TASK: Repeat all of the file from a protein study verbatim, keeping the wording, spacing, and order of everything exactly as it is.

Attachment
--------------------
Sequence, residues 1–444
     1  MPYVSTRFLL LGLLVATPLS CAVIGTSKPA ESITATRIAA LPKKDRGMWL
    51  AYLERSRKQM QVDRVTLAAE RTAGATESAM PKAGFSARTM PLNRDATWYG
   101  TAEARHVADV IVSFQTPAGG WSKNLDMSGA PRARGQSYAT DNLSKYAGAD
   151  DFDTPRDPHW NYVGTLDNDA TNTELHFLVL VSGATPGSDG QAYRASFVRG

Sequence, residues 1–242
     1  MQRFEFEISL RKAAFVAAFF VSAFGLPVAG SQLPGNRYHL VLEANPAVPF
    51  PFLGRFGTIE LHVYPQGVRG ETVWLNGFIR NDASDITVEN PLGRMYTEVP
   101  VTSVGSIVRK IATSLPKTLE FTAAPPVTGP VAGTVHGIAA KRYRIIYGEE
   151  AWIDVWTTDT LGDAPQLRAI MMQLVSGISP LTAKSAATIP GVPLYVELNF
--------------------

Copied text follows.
Sequence, residues 1–444
     1  MPYVSTRFLL LGLLVATPLS CAVIGTSKPA ESITATRIAA LPKKDRGMWL
    51  AYLERSRKQM QVDRVTLAAE RTAGATESAM PKAGFSARTM PLNRDATWYG
   101  TAEARHVADV IVSFQTPAGG WSKNLDMSGA PRARGQSYAT DNLSKYAGAD
   151  DFDTPRDPHW NYVGTLDNDA TNTELHFLVL VSGATPGSDG QAYRASFVRG

Sequence, residues 1–242
     1  MQRFEFEISL RKAAFVAAFF VSAFGLPVAG SQLPGNRYHL VLEANPAVPF
    51  PFLGRFGTIE LHVYPQGVRG ETVWLNGFIR NDASDITVEN PLGRMYTEVP
   101  VTSVGSIVRK IATSLPKTLE FTAAPPVTGP VAGTVHGIAA KRYRIIYGEE
   151  AWIDVWTTDT LGDAPQLRAI MMQLVSGISP LTAKSAATIP GVPLYVELNF